Biomedicine

Precision Prescription

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Science  13 Feb 2009:
Vol. 323, Issue 5916, pp. 855
DOI: 10.1126/science.323.5916.855a

Physicians have long recognized that a therapeutic drug eliciting the desired response in one patient (maximal efficacy for the disorder being treated, with minimal side effects) may achieve only a suboptimal response in another patient. Because genetic differences can contribute to variation across individuals in drug responsiveness, there is growing interest in the idea that gene-based or pharmacogenomic tests might allow a better matching of drugs and drug dosages to individual patients.

Progress along these lines is described by three independent groups that have studied the drug clopidogrel, an inhibitor of blood clots that is commonly prescribed for patients after a heart attack in order to reduce the chance of subsequent coronary events. Clopidogrel is a pro-drug and is inactive until it is metabolized in the liver by cytochrome P450 enzymes, including CYP2C19. In two large studies involving 1500 to 2200 clopidogrel-treated patients who were monitored for 12 to 15 months, Mega et al. and Simon et al. found that individuals who carried one or two variant alleles of CYP2C19 that confer loss of enzyme function were 1.5 to 3.5 times more likely to die or experience cardiovascular-related complications than patients who carried high-functioning alleles. Collet et al. reported broadly similar results in a smaller study of 250 clopidogrel-treated patients who had suffered a heart attack at a young age. The consistency of the outcomes seen in these studies is promising and may set the stage for a prospective clinical trial designed to assess whether CYP2C19 genotyping would add a new chapter to the physician's pharmacopoeia. — PAK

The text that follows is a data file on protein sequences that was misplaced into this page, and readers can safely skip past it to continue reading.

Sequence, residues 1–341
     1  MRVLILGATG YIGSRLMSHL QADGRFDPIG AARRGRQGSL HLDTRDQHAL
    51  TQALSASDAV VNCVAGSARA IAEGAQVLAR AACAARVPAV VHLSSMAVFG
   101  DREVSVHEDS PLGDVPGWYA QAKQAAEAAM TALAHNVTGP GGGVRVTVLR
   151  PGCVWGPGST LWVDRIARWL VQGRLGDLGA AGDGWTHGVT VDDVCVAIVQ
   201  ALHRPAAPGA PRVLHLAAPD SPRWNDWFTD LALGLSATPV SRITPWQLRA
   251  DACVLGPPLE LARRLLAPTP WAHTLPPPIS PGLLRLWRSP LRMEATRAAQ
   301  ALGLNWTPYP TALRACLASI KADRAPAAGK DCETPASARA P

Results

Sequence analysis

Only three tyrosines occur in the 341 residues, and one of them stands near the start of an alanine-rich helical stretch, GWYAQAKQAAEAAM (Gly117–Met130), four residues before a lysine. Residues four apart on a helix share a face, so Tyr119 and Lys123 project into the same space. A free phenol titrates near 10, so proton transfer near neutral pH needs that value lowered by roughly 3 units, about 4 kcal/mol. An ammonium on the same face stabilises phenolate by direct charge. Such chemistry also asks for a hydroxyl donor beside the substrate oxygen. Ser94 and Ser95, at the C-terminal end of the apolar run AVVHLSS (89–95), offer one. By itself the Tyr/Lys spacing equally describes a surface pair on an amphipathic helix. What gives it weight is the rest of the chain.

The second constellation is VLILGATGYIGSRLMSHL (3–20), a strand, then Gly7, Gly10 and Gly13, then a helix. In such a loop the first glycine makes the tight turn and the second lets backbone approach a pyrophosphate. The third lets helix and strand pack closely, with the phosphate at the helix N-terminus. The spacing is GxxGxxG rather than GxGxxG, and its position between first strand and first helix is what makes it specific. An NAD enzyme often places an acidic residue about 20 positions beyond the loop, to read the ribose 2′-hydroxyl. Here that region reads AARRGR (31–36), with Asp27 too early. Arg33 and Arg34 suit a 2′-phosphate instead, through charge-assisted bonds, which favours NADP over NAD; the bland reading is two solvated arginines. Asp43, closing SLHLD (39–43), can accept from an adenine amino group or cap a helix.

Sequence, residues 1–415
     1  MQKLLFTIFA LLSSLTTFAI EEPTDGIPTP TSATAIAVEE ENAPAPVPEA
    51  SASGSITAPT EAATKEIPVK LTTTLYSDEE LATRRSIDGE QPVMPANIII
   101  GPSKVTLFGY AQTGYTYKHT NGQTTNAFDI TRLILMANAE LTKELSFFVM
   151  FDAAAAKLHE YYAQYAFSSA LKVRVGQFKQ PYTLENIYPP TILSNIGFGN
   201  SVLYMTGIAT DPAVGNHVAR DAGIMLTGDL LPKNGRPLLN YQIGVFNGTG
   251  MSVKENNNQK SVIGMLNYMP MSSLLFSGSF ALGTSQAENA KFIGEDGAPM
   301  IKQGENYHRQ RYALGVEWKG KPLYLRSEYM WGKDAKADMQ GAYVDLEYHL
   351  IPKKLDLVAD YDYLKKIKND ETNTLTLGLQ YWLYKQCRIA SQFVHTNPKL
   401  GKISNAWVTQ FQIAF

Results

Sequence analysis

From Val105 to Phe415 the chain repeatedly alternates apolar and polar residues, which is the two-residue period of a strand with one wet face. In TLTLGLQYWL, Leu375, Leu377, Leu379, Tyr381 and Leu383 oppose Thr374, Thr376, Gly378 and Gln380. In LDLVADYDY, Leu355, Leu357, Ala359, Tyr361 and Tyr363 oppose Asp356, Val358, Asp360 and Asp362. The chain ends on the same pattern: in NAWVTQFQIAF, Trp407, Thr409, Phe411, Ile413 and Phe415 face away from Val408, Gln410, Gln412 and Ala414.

New Engl. J. Med. 360, 354; 363 (2009); Lancet 373, 309 (2009).

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